As I mentioned yesterday on this blog, this year has two categories of awards – the 2020 Books of the Year and the Book Awards, which are divided into disciplines. Again, these are based on books that came my way and that I have read. (By the way, love that picture for this post – many an hour have I spent inside bookstores looking out.)
New Testament Studies
Helen Bond, The First Biography of Jesus. An exacting, exciting study of biography in the ancient world as informative for reading the Gospel of Mark.
Judy Diehl, 2 Corinthians (Story of God). Destined to be a go-to for preachers, this lucid exposition of 2 Corinthians sparkles as it also brings out stories illustrating the text.
J Jipp, The Messianic Theology of the New Testament. It was a tough call to decide on Jipp or one mentioned yesterday… but here one finds the most complete “christo-centric” reading of NT theology. Many have thought salvation history was the NT’s theological center but Jipp proves in disarming prose and careful analysis – theme after theme – that Jesus as Messiah is the place where it all begins.
Old Testament Studies
One of the challenges many OT professors undertake is showing the relevance of the OT to the Christian faith, a challenge made more difficult these days because many simply don’t read the OT – though some do “dip” in here and there. The following are two excellent exhibitions of OT expertise while keeping their eyes on Christian readers.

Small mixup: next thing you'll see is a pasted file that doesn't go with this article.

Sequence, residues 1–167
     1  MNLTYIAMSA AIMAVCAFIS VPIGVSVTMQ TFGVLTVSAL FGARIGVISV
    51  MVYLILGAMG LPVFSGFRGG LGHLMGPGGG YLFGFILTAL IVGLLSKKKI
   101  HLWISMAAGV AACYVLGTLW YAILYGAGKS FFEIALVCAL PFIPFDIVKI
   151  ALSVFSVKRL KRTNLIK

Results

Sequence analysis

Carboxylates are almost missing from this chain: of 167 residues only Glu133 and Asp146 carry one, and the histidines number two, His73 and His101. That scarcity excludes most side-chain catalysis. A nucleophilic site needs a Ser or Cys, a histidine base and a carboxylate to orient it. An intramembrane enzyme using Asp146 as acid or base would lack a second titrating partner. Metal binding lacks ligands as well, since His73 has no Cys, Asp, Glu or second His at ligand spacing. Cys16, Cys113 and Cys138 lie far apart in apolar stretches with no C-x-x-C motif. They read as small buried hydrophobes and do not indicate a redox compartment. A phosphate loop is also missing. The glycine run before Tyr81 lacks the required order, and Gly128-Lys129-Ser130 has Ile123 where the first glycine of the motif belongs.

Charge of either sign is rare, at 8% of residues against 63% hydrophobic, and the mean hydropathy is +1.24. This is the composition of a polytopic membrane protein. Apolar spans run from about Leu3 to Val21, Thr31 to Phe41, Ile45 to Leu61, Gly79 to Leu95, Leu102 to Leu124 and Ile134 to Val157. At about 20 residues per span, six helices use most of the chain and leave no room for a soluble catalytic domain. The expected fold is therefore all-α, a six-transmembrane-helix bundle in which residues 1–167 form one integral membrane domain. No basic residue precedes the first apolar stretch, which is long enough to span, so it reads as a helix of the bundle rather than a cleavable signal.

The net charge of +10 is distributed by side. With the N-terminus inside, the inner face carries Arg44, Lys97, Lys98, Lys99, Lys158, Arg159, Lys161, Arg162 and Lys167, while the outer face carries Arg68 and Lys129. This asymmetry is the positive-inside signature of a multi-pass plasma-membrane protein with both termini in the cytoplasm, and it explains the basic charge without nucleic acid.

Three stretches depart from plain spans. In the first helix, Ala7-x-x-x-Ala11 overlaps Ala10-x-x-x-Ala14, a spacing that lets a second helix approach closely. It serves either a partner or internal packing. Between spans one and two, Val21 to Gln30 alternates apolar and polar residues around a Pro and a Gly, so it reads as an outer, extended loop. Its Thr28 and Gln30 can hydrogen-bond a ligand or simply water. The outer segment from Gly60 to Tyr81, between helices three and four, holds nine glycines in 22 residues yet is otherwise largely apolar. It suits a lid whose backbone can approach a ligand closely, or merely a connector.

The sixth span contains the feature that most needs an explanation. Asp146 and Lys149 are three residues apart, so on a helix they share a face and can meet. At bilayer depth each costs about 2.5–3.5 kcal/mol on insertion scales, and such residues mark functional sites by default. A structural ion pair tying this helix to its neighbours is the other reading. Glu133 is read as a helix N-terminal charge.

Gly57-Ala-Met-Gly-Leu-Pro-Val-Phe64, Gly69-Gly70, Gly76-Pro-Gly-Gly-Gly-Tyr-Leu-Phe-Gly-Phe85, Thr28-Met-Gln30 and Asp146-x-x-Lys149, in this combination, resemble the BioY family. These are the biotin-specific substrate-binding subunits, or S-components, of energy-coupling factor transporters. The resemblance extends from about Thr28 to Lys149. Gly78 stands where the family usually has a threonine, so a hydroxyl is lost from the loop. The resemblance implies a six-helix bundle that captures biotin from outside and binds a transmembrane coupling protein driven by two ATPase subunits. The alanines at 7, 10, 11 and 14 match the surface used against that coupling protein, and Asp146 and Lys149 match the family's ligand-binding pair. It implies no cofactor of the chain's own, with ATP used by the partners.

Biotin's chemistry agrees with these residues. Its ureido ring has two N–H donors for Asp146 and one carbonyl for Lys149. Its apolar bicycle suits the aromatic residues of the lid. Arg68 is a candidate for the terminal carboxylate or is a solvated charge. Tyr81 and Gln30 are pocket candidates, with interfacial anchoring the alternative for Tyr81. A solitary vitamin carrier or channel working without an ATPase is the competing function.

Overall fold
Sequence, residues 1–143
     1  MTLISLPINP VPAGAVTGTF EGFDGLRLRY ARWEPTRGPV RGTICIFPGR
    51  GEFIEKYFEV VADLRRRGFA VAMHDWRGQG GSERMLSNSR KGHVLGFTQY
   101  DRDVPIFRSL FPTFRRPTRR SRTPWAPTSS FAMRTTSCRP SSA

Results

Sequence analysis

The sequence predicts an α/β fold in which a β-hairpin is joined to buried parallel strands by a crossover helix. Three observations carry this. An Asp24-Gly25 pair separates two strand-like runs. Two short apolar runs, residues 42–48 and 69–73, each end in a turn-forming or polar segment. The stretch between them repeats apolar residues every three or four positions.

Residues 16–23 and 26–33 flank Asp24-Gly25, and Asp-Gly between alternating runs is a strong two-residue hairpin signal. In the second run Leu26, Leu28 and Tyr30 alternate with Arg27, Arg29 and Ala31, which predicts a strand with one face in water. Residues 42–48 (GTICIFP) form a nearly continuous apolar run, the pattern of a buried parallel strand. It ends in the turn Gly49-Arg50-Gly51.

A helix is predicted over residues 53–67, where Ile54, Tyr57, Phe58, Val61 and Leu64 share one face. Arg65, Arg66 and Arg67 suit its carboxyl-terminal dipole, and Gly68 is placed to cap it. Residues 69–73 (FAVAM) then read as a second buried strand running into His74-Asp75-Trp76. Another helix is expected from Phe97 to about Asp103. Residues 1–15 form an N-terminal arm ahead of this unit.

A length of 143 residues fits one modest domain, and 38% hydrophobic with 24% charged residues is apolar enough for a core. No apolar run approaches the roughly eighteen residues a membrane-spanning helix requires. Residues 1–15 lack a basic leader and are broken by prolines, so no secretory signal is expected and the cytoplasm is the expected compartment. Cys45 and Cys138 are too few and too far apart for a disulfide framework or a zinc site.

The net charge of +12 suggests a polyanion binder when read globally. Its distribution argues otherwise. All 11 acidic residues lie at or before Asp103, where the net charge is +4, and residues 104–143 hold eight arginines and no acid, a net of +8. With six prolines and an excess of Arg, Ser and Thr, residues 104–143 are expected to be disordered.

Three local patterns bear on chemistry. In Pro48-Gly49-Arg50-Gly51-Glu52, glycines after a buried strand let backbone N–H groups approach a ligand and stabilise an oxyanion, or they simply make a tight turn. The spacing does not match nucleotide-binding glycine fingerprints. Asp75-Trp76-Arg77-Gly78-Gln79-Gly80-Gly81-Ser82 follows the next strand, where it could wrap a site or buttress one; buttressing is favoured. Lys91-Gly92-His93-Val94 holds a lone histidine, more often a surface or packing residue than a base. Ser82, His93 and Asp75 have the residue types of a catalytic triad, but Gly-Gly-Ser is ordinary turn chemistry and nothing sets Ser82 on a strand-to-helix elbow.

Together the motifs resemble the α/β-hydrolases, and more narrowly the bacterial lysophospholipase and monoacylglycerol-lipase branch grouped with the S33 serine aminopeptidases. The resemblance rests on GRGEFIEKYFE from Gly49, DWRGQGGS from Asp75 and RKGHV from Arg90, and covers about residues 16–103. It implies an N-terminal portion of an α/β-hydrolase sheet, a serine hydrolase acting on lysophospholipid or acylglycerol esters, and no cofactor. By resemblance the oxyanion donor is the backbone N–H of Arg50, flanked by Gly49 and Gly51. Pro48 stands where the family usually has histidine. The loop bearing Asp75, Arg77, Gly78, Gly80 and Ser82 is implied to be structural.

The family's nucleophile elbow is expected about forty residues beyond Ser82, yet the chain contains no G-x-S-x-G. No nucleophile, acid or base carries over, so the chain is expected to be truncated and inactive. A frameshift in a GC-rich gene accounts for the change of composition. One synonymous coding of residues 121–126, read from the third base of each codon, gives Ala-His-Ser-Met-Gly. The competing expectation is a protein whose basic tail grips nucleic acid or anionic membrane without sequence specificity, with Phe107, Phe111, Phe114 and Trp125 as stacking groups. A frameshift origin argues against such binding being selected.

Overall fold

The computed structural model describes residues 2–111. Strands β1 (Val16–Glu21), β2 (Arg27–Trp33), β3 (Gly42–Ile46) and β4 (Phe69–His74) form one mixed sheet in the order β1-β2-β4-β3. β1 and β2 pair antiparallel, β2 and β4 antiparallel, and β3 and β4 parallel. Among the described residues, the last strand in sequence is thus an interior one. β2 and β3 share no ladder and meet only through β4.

Carmen Imes, Bearing God’s Name, and Sandra Richter, Stewards of Eden. Friends, these are two wonderful books that can be read in church small groups or in college/seminary classes. We just need more and more of these books on the “First” Testament.
Aimee Byrd has not been treated well by some in her denomination, and her newest book brought out the worst in some of them. But her book is a solid rap on the door that, when received and read, will open up the minds of many to the importance of discipleship of women in the church. Recovering from Biblical Manhood and Womanhood. She puts into words what many women have experienced in the complementarian movement, and the most important word here is “Listen,” with one word added, “please.”
The Preaching Life
Two wonderful books came my way this on preaching and I found both of the stimulating, suggestive, and paradigm-altering. For many preaching is a given – “what’s the issue?,” so many ask. The issue is this: Does it make enough difference in daily life to have so much of the service devoted to it? Perhaps rethinking it some will help. These two will help.